Walking with an addict through the process of change takes wisdom, love, and perseverance. To walk with an addict is both a gift and a grief. In the Crossroads: A Step-by-Step Guide Away from Addiction (Facilitator’s Guide), Welch walks leaders through the process of loving, connecting with, and speaking truth to a group of addicts. This book contains helpful observations about the mental, physical, emotional, and spiritual state common to most addicts. With access to Welch’s solid theology on addiction and years of counseling experience, counselors, pastors, and others with a heart for hurting people can play an active role in God’s restorative work in the lives of those enslaved to an addiction.
Every one of us is a potential addict. In a pressure-filled world, the prospect of instant escape can be exhilarating. No matter the object—drugs, alcohol, food, gambling, or sex, just to name a few—addictions lure us. They extend the promise of pleasure. In the end, they deliver emptiness, death, and destruction. What began as an escape from the hassles of life becomes a form of bondage. Addiction is voluntary slavery. Change doesn’t come easily. But change is possible!
Crossroads was designed as a group study for those struggling with addiction. These ten steps, presented in Ed Welch’s trademark direct and no-nonsense style, provide a biblical framework for change. Welch is a wise and loving partner who walks beside readers on their journey to freedom. Along the way, they will learn to recognize the patterns of addiction, to choose wisdom over foolish desires, and to cling to the hope they have in Jesus, who sets captives free. The path away from addiction has been laid by a God who is full of surprises, who faithfully pursues those enslaved even though they have deliberately avoided him.
Behind the Scenes of Crossroads : A Note from Ed Welch
In Addictions: A Banquet in the Grave (2001), I tried to identify the basics of a theology of addiction. I was thinking primarily of counselors, pastors, addiction’s group leaders—people who wanted to see more of Scripture’s depth as it applies to the thorny, complex problems of addictions. I was certainly thinking of addicts themselves, but I knew that they would have to be highly motivated and already committed to change for the book to be helpful to them. I was imagining helpers reading this book while addicts were looking over their shoulders.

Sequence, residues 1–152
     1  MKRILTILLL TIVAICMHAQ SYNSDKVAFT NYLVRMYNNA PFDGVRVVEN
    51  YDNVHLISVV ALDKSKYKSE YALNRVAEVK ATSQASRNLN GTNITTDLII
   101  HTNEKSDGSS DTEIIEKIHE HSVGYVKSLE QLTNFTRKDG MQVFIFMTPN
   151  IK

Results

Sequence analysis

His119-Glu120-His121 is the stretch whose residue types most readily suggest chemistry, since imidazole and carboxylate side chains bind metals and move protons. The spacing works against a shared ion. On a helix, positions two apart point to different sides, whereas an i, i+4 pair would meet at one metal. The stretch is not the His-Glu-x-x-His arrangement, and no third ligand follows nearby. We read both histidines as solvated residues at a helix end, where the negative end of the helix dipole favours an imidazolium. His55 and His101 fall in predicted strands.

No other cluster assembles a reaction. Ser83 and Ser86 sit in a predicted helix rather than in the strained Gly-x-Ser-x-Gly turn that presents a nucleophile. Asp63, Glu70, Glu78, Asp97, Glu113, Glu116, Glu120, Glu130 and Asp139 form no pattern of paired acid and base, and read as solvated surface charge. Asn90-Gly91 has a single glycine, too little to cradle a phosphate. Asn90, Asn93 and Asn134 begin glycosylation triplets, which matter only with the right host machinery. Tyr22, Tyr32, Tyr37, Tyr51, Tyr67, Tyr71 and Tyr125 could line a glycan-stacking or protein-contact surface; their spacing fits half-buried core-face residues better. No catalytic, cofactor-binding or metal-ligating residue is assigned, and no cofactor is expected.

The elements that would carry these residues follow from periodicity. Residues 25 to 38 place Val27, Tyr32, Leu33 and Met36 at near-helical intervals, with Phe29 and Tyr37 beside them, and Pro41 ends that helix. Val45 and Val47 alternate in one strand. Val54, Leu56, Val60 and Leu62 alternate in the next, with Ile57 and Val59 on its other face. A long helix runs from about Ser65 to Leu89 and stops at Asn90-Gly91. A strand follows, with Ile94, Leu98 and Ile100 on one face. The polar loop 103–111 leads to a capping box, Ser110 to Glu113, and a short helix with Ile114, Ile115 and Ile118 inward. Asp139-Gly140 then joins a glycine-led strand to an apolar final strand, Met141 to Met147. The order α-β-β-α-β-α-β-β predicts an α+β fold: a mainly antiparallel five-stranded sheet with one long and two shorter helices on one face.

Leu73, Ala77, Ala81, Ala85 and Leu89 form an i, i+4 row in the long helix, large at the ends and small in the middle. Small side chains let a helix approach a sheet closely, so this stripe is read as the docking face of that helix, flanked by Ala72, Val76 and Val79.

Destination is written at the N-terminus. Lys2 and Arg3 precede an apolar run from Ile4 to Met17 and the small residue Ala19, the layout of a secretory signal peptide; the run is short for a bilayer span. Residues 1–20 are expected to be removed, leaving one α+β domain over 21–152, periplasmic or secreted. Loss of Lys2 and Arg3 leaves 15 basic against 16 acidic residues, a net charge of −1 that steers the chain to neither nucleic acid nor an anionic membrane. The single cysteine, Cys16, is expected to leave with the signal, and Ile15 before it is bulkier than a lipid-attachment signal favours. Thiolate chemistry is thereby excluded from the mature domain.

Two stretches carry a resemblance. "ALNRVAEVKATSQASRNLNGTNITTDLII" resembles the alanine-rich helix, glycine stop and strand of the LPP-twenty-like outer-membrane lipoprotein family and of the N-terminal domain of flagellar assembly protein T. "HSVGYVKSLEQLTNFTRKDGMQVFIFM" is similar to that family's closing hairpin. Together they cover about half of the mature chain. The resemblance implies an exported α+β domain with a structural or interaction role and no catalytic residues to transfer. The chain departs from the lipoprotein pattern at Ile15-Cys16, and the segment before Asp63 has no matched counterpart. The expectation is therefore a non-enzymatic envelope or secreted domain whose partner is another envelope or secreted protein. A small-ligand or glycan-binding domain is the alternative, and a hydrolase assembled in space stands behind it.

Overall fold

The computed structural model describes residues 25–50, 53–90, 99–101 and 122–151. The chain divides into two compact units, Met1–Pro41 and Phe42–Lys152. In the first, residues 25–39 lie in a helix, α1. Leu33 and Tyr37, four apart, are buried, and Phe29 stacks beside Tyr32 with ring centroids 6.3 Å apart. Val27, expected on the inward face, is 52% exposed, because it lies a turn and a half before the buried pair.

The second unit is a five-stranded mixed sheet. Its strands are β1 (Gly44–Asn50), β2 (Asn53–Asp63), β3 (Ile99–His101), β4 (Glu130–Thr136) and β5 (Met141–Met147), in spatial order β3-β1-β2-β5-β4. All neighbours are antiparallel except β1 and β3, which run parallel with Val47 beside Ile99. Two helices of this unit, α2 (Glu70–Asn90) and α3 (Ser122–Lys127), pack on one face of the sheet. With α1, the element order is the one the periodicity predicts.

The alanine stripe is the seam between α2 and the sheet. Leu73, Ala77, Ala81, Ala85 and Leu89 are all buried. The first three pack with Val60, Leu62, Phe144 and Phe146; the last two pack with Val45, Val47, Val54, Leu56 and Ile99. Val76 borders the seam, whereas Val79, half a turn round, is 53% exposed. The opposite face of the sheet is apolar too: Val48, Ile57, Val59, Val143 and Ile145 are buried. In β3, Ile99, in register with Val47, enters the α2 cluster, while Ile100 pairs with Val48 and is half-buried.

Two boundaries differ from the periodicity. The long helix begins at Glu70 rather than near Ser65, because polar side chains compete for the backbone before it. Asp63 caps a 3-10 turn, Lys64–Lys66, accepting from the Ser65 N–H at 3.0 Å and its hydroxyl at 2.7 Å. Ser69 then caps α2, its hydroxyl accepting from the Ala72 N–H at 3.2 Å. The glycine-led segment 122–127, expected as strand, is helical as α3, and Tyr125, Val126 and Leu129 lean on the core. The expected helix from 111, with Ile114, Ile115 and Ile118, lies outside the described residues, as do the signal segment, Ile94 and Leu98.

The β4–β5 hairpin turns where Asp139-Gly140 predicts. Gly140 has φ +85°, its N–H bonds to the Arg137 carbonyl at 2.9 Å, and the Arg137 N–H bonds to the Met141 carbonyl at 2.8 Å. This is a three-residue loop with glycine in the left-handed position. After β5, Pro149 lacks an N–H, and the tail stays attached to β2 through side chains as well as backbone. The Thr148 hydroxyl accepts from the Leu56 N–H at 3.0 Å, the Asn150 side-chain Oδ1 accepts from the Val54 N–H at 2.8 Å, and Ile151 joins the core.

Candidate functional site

Crossroads reverses the picture. Now I want addicts to read this book with helpers looking over the their shoulders, perhaps curious about what kind of literature could hold an addict’s attention. My goal was to speak to a person struggling with an addiction in a way that was faithful to the way God communicates with us. In other words, I attempted
…to speak directly at times
…to ask questions in the way Jesus would often ask questions
…to teach and lead, surprise or, even better, amaze
…to point out the path of beauty
…to provide warnings
…to have hope come through on every page because all of God’s words to the addict are summed up in the good news given to us by Jesus Christ.
The title comes from one of the recurring images in the book. When you read through Proverbs you notice that we are always standing at a crossroads, with wisdom taking us to the Kingdom of Heaven and folly trying to seduce us away from it. At that decision point, we better be absolutely wide awake, with all our wits about us, because our natural instinct is to veer off onto the path of folly.
There are other images that run through the book as well: light, darkness, wilderness journey, and banquets. Any of them could be the organizing theme, but crossroads was the one I kept returning to in earlier drafts of the book, and I found it personally helpful to be brought into Scripture with that image in mind.
The book, of course, is unapologetically God-oriented and Christ-focused. This might be too much for a secular drug and alcohol counselor, but it should suit addicts just fine. They know they need help, and they know they need God.
In the Table of Contents, you will notice that the steps that specifically talk about the God of Scripture come in the middle of the book. I do that for two reasons. Primarily, I want addicts to see themselves more accurately before really considering the character of God. Otherwise, they could miss how God says exactly what they need to hear. A lesser reason for the placement of this section, the Hebrew style of writing often places the climax in the middle. I didn’t consciously intend to place the specifics of God and the gospel there, but I am sure there is something in my DNA at this point that does such things.
All the basics should be there: reading Scripture, prayer, confession, and hope through knowing Jesus Christ and responding to him. The means of change for the addict are the same as they are for everyone else.
That’s what I was thinking about when I wrote Crossroads.
If you have used it, I would be interested in hearing about it. What worked? What could be changed? I’d be glad to get your thoughts.
Publisher: New Growth Press
Publication Year: 2008